Google Deletes a Million Links a Month in Anti-Piracy Effort
Google is tackling piracy with new zeal -- removing links to more than 1 million Web sites in the last month alone. But is Google publicly shaming some major corporations in the process?
The revelations come via Google's Transparency Report, which shows when and what information is accessible on Google services around the world. This year, Google expanded the Transparency Report with a new section on copyright. Specifically, Google is disclosing the number of requests it gets from copyright owners -- and the organizations that represent them -- to remove Google Search results because they allegedly link to infringing content.
"We're starting with search because we remove more results in response to copyright removal notices than for any other reason," Fred von Lohmann, senior copyright counsel at Google, wrote in a blog post. "So we're providing information about who sends us copyright removal notices, how often, on behalf of which copyright owners and for which Web sites."
Taking Down 250,000 Links a Week
The Transparency Report shows a rapid increase in the number of requests from copyright holders. Von Lohmann said it's not unusual for Google to receive more than 250,000 requests each week, which is more than what copyright owners asked Google to remove in all of 2009. In the past month alone, Google has received about 1.2 million requests made on behalf of more than 1,000 copyright owners to remove search results. Those requests targeted some 24,000 Web sites.
"Fighting online piracy is very important, and we don't want our search results to direct people to materials that violate copyright laws. So we've always responded to copyright removal requests that meet the standards set out in the Digital Millennium Copyright Act (DMCA)," von Lohmann said. "At the same time, we want to be transparent about the process so that users and researchers alike understand what kinds of materials have been removed from our search results and why."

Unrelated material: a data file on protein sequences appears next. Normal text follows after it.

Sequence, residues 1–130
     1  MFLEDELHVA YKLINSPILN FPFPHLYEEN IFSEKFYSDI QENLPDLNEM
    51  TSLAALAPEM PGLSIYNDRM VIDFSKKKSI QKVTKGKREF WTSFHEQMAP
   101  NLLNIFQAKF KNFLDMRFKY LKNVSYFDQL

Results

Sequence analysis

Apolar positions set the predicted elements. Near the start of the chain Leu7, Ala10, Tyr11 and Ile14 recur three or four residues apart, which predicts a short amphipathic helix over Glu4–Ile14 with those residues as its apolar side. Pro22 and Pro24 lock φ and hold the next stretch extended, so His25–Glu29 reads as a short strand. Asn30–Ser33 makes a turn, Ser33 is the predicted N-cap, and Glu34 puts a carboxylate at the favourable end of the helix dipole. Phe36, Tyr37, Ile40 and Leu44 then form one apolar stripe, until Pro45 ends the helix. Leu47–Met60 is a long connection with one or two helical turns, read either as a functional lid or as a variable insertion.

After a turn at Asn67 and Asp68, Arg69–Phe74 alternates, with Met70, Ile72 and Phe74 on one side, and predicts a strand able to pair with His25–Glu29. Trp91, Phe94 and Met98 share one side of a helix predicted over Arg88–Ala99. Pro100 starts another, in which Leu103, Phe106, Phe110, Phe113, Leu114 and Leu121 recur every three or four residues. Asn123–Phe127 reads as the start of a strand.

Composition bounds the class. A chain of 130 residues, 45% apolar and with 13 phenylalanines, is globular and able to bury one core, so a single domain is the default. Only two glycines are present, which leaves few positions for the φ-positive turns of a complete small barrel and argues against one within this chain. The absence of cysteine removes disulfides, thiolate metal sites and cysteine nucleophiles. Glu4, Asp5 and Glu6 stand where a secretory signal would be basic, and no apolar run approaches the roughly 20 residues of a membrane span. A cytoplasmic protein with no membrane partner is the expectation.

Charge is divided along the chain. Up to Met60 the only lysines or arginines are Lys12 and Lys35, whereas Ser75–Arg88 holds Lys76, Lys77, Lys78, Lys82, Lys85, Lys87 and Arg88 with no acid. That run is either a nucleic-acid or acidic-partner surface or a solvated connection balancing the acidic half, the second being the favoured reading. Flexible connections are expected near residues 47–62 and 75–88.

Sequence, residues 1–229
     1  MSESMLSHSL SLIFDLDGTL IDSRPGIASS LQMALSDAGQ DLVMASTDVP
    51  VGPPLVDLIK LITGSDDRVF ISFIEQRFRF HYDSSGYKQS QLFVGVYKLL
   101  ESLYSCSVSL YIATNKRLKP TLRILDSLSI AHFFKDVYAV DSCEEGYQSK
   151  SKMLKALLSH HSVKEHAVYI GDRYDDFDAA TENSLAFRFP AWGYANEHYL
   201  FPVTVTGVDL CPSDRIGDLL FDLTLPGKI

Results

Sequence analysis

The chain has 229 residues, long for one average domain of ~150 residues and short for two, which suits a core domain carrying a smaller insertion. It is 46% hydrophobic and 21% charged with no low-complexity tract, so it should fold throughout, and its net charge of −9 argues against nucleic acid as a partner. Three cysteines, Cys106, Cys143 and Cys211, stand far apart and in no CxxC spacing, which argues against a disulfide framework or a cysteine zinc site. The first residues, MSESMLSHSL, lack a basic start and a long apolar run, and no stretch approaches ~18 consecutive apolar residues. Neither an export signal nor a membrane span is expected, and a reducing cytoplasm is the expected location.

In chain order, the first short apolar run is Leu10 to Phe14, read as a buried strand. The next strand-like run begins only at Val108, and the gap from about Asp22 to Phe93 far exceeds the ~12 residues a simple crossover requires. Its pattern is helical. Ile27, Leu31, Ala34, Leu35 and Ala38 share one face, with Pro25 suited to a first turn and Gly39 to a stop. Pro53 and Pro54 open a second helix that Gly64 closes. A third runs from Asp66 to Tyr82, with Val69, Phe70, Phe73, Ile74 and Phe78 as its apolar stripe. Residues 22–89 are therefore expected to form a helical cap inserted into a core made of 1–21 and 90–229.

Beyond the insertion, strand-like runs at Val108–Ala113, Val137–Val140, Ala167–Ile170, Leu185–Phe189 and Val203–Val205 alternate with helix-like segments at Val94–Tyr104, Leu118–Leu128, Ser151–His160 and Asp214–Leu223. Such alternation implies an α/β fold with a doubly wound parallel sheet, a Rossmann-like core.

Google subscribes to the philosophy that the time-tested "notice-and-takedown" process for copyright strikes the right balance between the needs of copyright owners, the interests of users, and Google's efforts to provide a useful Google Search experience. Von Lohmann said Google is processing the requests faster than ever before -- last week the average turnaround time was less than 11 hours.
Google Shaming Companies
We caught up with Greg Sterling, principal analyst at Sterling Market Intelligence, to get his take on Google's anti-piracy moves. He told us he finds two interesting aspects to this year's Transparency Report.
"Google is playing copyright police, doing a determination in each case whether the takedown request complies with DMCA standards and is infringing. It's not simply complying with the request; there's a legal or quasi-legal analysis happening," Sterling said.
"Also the publication of the requesting company names is something of a 'shaming' exercise. By naming Microsoft, RIAA, etc., Google is publicly exposing or shaming these companies. It casts a negative light on them, despite the probable legitimacy of at least some of their requests."
Posted: 2012-05-27 @ 2:33am PT
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